So as we were treating about thermal energy, the cell reactions, the reactions of consuming the energy from food produce mainly heat.
What’s heat?
Talking about thermodynamics, the first law of thermodynamics states that
the internal energy is equal to the variation of heat plus the variation of work in a given system.
Heat concerns a gradient of temperature, the variation of temperature in a body.
What does it mean?
It means movement.
Heat is one kind of energy in movement,
It has been defined that heat travels from a hotter body to a colder one.
So, in a typical day we constantly lose heat, therefore to keep our bodies warm we must produce heat.
Many think that temperature is a kind of energy, but temperature is an unit.
but it is a physical property and can be measured with the use of thermometers for example.
Inside our cells it is important to notice that what maintains energy is movement.
The movement of atoms, electrons…
the cells are in constant movement.
For example, an oxygen molecule, present in the air, is in constant movement.
And that molecule has its characteristic energy
its characteristic frequency and each one of us has our own frequency, both cerebral and cellular.
Therefore, if we change the temperature, if we increase the temperature
we change the frequency of the molecules.
How can that be seen in our body concerning Chi Tomeru?
Blood works in the human body as a great energy conductor, transporter
by the blood vessels, it brings energy to the limbs, to the organs, to the hands and the feet…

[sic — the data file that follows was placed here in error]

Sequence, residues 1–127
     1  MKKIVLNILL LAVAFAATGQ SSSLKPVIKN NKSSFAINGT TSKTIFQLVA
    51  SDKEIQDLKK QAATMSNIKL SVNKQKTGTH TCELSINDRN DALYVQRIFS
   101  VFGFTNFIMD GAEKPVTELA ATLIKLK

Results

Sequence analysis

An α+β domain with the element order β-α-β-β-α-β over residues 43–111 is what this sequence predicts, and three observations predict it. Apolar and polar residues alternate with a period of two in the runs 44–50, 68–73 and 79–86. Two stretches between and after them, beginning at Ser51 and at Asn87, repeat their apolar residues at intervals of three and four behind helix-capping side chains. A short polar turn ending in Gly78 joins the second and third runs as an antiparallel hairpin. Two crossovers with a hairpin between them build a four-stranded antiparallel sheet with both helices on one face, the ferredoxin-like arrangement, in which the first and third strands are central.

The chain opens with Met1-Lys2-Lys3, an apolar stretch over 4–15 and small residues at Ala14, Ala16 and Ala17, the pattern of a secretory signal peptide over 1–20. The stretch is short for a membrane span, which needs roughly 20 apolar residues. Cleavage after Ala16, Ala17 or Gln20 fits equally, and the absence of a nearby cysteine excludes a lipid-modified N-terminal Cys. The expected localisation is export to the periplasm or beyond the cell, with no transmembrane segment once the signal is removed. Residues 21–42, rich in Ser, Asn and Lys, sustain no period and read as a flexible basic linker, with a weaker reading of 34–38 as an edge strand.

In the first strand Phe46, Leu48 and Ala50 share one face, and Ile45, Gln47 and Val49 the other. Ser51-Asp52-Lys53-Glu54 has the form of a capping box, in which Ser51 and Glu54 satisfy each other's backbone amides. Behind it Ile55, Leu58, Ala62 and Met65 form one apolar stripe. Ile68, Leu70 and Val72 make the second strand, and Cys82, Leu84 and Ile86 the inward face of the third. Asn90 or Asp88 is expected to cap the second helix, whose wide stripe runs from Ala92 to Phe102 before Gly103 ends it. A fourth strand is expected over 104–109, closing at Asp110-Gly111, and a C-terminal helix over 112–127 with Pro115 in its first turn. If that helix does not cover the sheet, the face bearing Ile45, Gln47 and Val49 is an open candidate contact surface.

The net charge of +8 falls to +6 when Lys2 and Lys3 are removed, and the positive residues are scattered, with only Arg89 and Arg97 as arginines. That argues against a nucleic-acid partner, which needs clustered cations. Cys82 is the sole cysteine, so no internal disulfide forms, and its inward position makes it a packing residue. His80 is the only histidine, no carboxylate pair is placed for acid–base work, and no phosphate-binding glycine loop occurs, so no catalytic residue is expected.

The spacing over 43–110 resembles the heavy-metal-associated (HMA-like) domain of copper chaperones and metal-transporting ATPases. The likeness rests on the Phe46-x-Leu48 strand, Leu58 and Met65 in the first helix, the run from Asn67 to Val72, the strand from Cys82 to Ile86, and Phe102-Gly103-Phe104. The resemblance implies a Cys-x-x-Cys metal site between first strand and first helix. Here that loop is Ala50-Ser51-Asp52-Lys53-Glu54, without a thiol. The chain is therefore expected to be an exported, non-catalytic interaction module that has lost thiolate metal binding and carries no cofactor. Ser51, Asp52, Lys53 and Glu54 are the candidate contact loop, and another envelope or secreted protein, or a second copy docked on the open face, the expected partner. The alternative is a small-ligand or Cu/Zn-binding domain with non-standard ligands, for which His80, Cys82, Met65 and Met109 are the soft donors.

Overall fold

We’re in a position in which there is no blood flow
the transportation of energy tends to be interrupted
and it lowers the local temperature.
To exemplify and feel the interruption in the blood flow, there is a simple experiment.
(Please, Shidoin)
In the wrist we have the radial and ulnar arteries that are responsible for the hand vascularization as was said.
But those arteries are quite superficial to the anterior face of the forearm.
So when we compress the anterior face of the forearm along the radius and the ulna, we can interrupt the blood flow to the hand.
Of course it’s not interesting to do this for a long time, but a few seconds only won’t hurt.
We can see that in a short period of time the hand gets pale and starts to feel cold.
At the moment we remove the pressure the hand gets warm again, he can feel it quite fine, and the hand is no longer pale.
It means that we had interrupted the blood flow and now it has been reestablished.
This way it is clear and easy to understand how the blood flow interruption occurs in Kote Mawashi.
As we’ve seen, blood transports nutrients and oxygen as much as heat.
And it’s done basically gaining heat in the central inner part of the body and losing it in the extremities
the whole skin and specialy the feet, hands, nose and ears as was said.
So, interruption in the blood flow stops the incoming of those nutrients and of heat to the parts that lose heat.
It would cause the muscles to lose their capability of contraction
but it takes time to happen once the human muscle is able to produce contraction in anaerobic situation
(meaning when there’s not enough oxygen transported by the blood)
and has a chemical energy storage specially in the form of glycogen.
Because of that the muscle, even in the absence of blood flow
for a short period of time, can produce vigorous and efficient contraction.